In Hong Kong, if truth be known, most of the parents are not there when the kids need them, the daily sort of way – “dad can we read a book/take a hike together?” Not just a “helicopter parent” – hovering around in all sort of ways, to keep an eye on the kids.

Ironically, “helicopter parenting” now has a new meaning – JIT (just in time) parenting., or MBA parenting if you like. Parents drop in JIT for the kids concert performance or HS ball game., to show concern, to allay guilt, to keep up with the Jones? Here I am surprised and amused that N.J Governor did not excite another culture war, this time between rich vs. poor parents. Gov. Chris Christie can afford spending $2000 plus for a state helicopter ride to attend his son's high school baseball game, when the working poor cannot afford a car to drive the kids to the park.
(Still recall the $25,000 dress, for a NJ HS pomp night.)


If HK parents are too busy to parent their kids, who is doing the job of real parenting, again day in day out (the “first in the morning” and “last in the day” test) , in the most minute sort of ways (from ironing the uniform to cooking the meals).

The answer is: domestic helpers: foreign and locals.

“In 2010, there were 284,901 foreign domestic helpers in the city, of which 48% were from the Philippines, 49.4% from Indonesia, and 1.3% from Thailand. They usually live in their employer's residence and perform various household duties such as cooking, cleaning, and child-minding.: (

If there were 284,901 foreign domestic helpers in Hong Kong, here were at least that many in local helps (who worked illegally). That makes for 500,000 helpers. (One study show that nearly all (99%) domestic helpers are foreign, with 1% from China or locally, legally).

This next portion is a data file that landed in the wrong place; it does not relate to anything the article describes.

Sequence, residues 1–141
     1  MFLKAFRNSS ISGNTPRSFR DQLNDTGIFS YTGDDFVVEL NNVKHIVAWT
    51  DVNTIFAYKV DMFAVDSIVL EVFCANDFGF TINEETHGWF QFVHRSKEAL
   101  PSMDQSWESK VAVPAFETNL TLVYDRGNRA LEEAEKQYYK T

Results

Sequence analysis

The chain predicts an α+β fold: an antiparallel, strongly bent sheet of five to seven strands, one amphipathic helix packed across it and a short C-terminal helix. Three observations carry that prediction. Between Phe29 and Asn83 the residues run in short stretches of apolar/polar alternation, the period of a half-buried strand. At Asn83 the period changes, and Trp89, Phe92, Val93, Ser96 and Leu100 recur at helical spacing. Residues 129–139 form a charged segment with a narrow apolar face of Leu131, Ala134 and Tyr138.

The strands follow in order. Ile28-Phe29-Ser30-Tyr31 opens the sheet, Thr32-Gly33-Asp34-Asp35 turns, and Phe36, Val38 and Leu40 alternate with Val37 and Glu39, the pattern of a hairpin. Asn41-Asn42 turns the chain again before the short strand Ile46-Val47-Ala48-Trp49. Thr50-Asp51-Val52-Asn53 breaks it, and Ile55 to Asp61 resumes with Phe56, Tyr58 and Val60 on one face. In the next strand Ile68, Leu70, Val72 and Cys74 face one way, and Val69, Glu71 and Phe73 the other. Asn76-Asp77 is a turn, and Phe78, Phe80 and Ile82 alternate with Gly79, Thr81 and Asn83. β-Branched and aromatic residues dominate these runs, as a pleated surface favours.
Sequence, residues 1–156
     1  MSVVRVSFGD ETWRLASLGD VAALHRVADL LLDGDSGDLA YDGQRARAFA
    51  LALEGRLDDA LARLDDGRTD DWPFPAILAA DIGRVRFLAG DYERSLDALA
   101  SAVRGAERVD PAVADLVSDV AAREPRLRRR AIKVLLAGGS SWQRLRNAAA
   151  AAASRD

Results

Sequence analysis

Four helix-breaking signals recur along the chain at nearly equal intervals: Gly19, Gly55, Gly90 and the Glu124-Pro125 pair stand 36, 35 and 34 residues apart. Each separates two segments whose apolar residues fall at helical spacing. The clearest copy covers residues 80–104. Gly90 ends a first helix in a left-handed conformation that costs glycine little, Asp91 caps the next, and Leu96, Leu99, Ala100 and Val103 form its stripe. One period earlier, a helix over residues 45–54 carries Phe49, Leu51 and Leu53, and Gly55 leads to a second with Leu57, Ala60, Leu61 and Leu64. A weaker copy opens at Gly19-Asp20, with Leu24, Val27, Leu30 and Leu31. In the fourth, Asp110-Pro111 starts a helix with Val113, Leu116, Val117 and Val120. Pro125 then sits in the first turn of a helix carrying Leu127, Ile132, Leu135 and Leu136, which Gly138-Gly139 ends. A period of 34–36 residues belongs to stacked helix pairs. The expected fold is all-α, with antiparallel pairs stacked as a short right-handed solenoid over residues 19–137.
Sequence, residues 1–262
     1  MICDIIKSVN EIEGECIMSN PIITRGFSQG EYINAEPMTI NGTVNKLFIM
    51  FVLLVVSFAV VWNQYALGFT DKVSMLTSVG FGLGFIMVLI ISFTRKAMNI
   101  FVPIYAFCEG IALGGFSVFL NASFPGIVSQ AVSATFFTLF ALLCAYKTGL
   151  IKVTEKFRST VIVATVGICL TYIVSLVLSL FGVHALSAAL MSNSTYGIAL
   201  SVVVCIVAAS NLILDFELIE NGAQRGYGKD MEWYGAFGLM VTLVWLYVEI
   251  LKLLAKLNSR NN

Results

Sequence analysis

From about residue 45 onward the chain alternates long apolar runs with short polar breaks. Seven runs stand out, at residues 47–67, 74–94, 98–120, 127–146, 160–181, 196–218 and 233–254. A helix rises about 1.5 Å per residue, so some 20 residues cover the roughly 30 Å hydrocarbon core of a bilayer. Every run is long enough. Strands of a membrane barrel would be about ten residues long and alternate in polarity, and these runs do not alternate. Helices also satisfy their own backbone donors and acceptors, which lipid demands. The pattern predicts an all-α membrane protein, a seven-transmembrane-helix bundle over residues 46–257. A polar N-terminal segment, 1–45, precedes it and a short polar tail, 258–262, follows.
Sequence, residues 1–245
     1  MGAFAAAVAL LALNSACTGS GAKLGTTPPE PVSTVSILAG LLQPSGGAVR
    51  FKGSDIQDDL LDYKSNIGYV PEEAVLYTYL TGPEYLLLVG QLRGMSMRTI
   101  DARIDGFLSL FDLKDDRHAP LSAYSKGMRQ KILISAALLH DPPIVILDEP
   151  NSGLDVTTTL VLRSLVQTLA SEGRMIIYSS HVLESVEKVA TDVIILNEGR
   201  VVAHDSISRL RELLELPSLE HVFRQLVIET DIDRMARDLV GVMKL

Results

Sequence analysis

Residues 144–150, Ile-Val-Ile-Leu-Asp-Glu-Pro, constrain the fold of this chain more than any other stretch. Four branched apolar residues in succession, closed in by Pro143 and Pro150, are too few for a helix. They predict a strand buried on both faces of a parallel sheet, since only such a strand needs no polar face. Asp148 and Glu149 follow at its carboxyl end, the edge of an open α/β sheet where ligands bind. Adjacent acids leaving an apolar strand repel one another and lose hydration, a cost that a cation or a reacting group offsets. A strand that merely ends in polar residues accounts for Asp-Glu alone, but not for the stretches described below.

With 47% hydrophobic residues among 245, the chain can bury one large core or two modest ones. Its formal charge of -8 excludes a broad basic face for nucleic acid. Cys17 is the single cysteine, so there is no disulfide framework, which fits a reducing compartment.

In 1996, there were about 1.8 million households. Of those about 1.1 millions have income between $15,000 to $45,000 (government income eligibility for hiring is $15,000; real life actually income is $17, 300) making them economically affordable for them to hire foreign help. In essence one out of 2 affordable families have a live in help.


If indeed many of the Hong Kong rich families’ kids are raised by domestic helpers, half of them from abroad, it would be interesting to ask: How do “foreign parenting” affects the net generation of Hong Kong ideas?

(1) The impact of the blood parents is much diluted by the presence of live in helpers who for all intent and purposes are the kids’ psychological parents. (Both of my kids were brought up by Pilipino maids).
(2) Since helpers are not there to maintain discipline, at least not acting as “tiger”, the kids are not really disciplined, beyond in the presence of their parents. In essence, we have “tiger parenting” by absentee parents and “ sheep (following order of price/princess) parenting” by daily routine domestic helpers.
(3) The kids will be affected by the language, education and cultural background of the domestic helpers of which 41% has post secondary education. (The most educated are the Pilipino.) For example, many of the kids now speak better English than my generation, less because of school but because of live in help.


The moral of the story is that it take more than “tiger parents” to turn out “tiger” kids. Education and molding kids happen in many ways, some planned, most happened by accident and by default.

Internet parenting, anyone.